Ralegh's Last Journey: A Tale of Madness, Vanity and Treachery by Paul Hyland, HarperCoLlins £9.99
ir Walter Raleigh was one of a number of adventurers who adorned Elizabethan England, flourishing in a dizzy spectacle of romantic exploits under the leadership of that first giant English CEO, Gloriana. But great leaders don't last forever, and a change in management can have catastrophic consequences for their followers. With the accession of the "wisest fool in Christendom", James I, the enterprising West Country gentleman fell from favour.
There was always a whiff of danger about Raleigh, which was expressed not only in his pursuit of new land and lucre: he was also investigated for atheism, no minor matter in 17th-century England.
In 1603 he was implicated in the Bye plot to replace James with Arabella Stuart. He was convicted of treason and served time in the Tower. But he managed to convince the Stuart monarch to give him one last chance to redeem his fortunes, with an expedition to Guiana in search of a gold mine. Ralegh's Last Journey (which adopts an alternative spelling of the surname) describes this unhappy venture and Raleigh's return in disgrace, followed by his failed attempt to escape to France, imprisonment and execution.
Hyland clearly adores his subject. His Raleigh is an honourable, ageing genius, whose boldness is offset by his naivety. Although he is a popular hero around whom cheering crowds materialise, he is cursed by terrible luck, scheming court pygmies and a king who has it in for him.
The sometimes ponderous narrative is seasoned by many passages of contemporary writing, including Raleigh's dreamy verse — variously inspired by his wife and the late Queen — and the more pungent prose of his apologists.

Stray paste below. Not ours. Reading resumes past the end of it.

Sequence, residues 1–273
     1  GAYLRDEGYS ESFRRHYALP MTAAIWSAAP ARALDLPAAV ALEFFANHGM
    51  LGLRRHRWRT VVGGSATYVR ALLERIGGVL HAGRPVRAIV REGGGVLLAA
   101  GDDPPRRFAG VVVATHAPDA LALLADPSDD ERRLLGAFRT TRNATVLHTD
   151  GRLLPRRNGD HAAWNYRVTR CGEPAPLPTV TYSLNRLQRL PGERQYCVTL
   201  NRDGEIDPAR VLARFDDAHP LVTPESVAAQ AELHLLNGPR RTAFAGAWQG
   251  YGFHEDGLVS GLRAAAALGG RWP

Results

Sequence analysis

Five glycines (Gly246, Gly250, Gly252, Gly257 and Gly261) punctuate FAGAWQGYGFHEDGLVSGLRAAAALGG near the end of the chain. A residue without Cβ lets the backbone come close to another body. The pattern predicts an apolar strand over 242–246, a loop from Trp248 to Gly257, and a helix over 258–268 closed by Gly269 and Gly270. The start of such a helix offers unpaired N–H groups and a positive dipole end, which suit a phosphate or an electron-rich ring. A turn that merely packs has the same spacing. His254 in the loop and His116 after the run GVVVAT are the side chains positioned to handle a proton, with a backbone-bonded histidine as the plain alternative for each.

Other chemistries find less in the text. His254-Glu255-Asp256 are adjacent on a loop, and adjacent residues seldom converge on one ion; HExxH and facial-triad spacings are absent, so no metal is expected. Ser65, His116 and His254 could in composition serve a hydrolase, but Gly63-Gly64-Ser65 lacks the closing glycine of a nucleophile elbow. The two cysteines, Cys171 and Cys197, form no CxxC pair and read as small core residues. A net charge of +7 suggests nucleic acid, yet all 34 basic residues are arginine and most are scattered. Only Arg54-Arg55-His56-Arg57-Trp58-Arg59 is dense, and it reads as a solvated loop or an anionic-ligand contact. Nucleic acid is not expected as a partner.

ERverything seemed to go wrong for poor aleigh during his last expedition; he and his crew fell sick, losing 42 men, the gold mine was not found, and he lost his beloved 24year-old son, Wat. His men were ambushed by Spaniards; Raleigh quarrelled bitterly with his friend, Laurence Keymis, who went on to commit suicide. He was also being watched by his "chymist", Manoury, who sent his observations to the Privy Council. Instead of the fabled riches of El Dorado, a fearfully depressed Raleigh brought back tObacco — not g good idea, given James's fanatical hatred of the weed.
Raleigh knew that his fate was sealed. He embarked on a harebrained attempt to stave off the King's displeasure. persuading Manoury to induce illness in him with poison. While afflicted he penned his Large Appologie for the ill successe of his enterprise to Guiana. But none of this prevented him being placed under house arrest by James. The condemned man hired a boat to take him to France, but a kinsman betrayed him.
Raleigh was imprisoned in that familiar setting, the Tower. 1-lis jailers compiled a list of his possessions, which included a diamond ring given to him by Queen Elizabeth and a miniature of his wife, Lady Elizabeth. There were also three charts of the West Indies, which Raleigh regretted handing over. "I would not have parted with those for three hundred pounds," he said.
Raleigh was hauled before the Privy Council. He gave a masterful defence of his actions, but the sentence was never in doubt. As he placed his head on the block he knelt the wrong way, facing west, towards Devon and the New World. The Dean of Westminster reprimanded him, saying a man about to face his maker should face east, towards the Promised Land. Sir Walter changed his position and delivered his last bon mot: "So the heart be right, it is no matter which way the head lieth."
The story of Raleigh's fall has all the ingredients of a good read: hubris, treachery and tragedy. Alas, the author trawls drearily through the final years without offering any insights into this curious character and his motivations. Raleigh's end was pitiful, but it left me strangely unmoved.